Ian Dove QC goes “on tour” with public art think-tank Ixia

Tue, 04 Dec 2012

 
Over the past two months Ian Dove QC, leading planning silk at No5 Chambers and chair of Ixia, delivered a series of talks on public art and cultural well-being. Public art think-tank Ixia plays an important part in providing guidance on the role of art in the public realm. It aims to widen understanding about the value, role and commissioning of public art projects – to which end, in May 2009, Ian Dove QC published Advice on changes to planning legislation over the last ten years and the implications of this for public art. Commissioned by Ixia, in association with legal practice DLA Piper LLP, Mr Dove’s advice was the first major analysis of the issues for more than 20 years.
 
In December 2010, Ian Dove QC reviewed the Advice he published in May 2009 in the light of the Community Infrastructure Levy (CIL) Regulations 2010, under which, contributions may be made, amongst other things, toward public art, heritage and archaeology. 
 
To explain and explore the current position of public art and cultural well-being in the context of the planning system, a series of seminars were held in London on 22nd October 2012, in Birmingham on 5th November 2012 and Sheffield 12th November 2012 hosted by DLA Piper entitled “Public Art, Cultural Well-Being and the National Planning Policy Framework”. With an introduction by Jonathan Banks, CEO of ixia, Ian Dove QC and John Holden a leader writer and thinker on cultural policy, gave talks that focused on the implications of the first time inclusion of cultural well-being in national planning policy through the NPPF and its implications for the provision of public art and cultural infrastructure.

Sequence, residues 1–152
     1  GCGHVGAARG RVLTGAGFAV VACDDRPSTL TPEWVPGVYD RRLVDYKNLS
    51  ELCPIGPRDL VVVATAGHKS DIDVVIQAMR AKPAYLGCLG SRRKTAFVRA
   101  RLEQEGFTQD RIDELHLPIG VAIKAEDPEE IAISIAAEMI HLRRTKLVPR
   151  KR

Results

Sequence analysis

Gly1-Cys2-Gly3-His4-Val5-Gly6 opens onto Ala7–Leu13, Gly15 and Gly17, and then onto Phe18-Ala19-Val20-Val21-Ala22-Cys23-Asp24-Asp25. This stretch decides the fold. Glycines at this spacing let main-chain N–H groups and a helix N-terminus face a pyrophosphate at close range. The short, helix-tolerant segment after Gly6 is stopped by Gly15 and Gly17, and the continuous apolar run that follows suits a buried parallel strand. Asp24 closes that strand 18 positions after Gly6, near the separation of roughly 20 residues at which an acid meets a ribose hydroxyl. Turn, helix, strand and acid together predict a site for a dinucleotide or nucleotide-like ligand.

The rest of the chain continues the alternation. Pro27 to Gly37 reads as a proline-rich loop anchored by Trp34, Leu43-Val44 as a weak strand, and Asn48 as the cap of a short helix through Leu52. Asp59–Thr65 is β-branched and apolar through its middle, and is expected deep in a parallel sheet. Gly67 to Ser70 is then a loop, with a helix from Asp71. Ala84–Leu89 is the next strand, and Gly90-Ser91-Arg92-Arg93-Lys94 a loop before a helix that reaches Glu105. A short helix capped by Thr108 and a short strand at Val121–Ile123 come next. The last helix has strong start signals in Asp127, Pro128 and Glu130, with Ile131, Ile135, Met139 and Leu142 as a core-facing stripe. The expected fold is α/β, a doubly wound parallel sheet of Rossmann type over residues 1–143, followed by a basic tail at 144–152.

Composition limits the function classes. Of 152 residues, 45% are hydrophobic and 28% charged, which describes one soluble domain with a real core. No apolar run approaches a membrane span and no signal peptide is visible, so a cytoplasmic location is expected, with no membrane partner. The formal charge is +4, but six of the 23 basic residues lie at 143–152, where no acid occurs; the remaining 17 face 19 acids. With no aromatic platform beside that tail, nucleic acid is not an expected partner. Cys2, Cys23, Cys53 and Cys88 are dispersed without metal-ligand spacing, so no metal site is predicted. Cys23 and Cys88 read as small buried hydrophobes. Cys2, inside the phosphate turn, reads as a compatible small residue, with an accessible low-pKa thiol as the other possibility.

The talks were very well received and included such points as the purpose and status of the NPPF’s reference to cultural well-being and how it relates to the planning system at a local level, including CIL; the relationship between cultural well-being and public art; and the justification and inclusion of cultural well-being and public art within local planning documents.
 

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